Investigation of the grade of calcined clays used as clinker substitute in Limestone Calcined Clay Cement (LC3)

The combination of calcined kaolinitic clays and limestone in Limestone Calcined Clay Cement (LC3) is a promising approach to reduce the cost and the CO2 emissions of cement production by reducing the clinker content of cement. This thesis investigates the feasibility of using various grades of calcined clays in LC3. LC3-50 blends with a clinker content reduced to 50% are studied. The factors controlling the reactivity of LC3-50 blends containing various grades of calcined kaolinitic clays were first studied. A benchmark test of mortar strength was developed. Similar strength to plain Portland cement (PC) can be obtained even for clays with 40% of calcined kaolinite only. Moreover, strengths are strongly dependent on the calcined kaolinite content of the calcined clay. The development of the new Rapid, Relevant and Reliable (R3) pozzolanic test allows the evaluation of the reactivity of calcined clays after only 24 h by isothermal calorimetry and 3 days simply using an oven, and it allows the prediction of the strength development of LC3-50 mortars. To explain strength results, a phase assemblage study was carried out. In order to determine the amount of reacted metakaolin, three methods were tested and mass balance was found to be the most reliable one. The phase assemblage study showed that a critical refinement of pore connectivity is reached already at 3 days for LC3-50 blends with high calcined kaolinite content. From this point on, clinker hydration is slowed down, and the formation of crystalline hydration products is limited. The on-going reaction of metakaolin leads to the higher incorporation of aluminium in the calcium alumino silicate hydrate (C-A-S-H). The C-A-S-H was fully characterized in terms of composition, morphology and density. No change in morphology was observed by Transmission Electron Microscopy. The C-A-S-H density determined by 1H-Nuclear Magnetic Resonance was also found to be similar between PC and LC3-50 with different calcined kaolinite content. Combining all this information, a good relationship is obtained between strength and gel space ratio for PC and for the LC3-50 blends. Finally, the chloride resistance was tested through ponding and chloride binding isotherm tests. The results also support previous findings for the use of calcined clays with a calcined kaolinite content of at least 40% to get a better chloride resistance than PC. These results are mainly explained by the pore connectivity refinement of LC3-50 blends compared with PC. The chloride binding is the highest for clays with 40-50% of calcined kaolinite.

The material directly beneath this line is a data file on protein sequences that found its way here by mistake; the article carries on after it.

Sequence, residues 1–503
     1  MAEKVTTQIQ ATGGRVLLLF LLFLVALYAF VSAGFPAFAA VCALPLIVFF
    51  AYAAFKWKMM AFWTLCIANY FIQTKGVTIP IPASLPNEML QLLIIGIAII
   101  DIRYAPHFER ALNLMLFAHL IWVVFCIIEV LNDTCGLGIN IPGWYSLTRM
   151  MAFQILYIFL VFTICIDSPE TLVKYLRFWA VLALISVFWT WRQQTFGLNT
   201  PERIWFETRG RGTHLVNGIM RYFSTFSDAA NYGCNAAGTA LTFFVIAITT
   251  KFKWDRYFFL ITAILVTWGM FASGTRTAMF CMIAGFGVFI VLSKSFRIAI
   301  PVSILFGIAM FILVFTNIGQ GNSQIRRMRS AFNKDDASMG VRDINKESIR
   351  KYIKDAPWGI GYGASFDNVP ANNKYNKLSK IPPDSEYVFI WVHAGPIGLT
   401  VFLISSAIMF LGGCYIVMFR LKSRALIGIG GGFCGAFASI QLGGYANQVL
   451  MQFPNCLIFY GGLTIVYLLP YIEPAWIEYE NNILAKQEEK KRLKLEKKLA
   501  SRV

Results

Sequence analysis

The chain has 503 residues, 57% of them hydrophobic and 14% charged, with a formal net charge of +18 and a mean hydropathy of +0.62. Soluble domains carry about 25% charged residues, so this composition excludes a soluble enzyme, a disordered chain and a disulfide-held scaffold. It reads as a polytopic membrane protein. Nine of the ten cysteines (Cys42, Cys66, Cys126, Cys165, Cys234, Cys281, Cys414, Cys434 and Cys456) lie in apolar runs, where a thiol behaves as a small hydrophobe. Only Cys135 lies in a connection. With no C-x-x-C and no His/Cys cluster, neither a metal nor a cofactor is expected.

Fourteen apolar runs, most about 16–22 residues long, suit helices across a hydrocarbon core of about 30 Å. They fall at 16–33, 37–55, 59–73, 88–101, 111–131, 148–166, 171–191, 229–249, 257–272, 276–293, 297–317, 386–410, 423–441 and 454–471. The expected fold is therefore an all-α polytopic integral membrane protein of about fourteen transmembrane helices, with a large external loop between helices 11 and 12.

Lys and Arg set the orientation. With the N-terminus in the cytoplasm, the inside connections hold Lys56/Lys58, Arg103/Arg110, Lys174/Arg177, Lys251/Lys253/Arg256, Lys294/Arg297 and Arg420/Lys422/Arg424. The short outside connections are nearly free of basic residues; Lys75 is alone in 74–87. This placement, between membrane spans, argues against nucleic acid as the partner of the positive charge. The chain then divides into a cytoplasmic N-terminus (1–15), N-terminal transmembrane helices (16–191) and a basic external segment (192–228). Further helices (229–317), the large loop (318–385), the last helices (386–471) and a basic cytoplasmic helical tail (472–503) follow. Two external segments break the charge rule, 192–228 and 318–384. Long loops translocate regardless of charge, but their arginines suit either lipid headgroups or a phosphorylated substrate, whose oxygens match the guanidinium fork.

Scrivener, Karen
Lausanne, EPFL
Other identifiers:
urn: urn:nbn:ch:bel-epfl-thesis8143-7

 Record created 2017-11-13, last modified 2018-05-15

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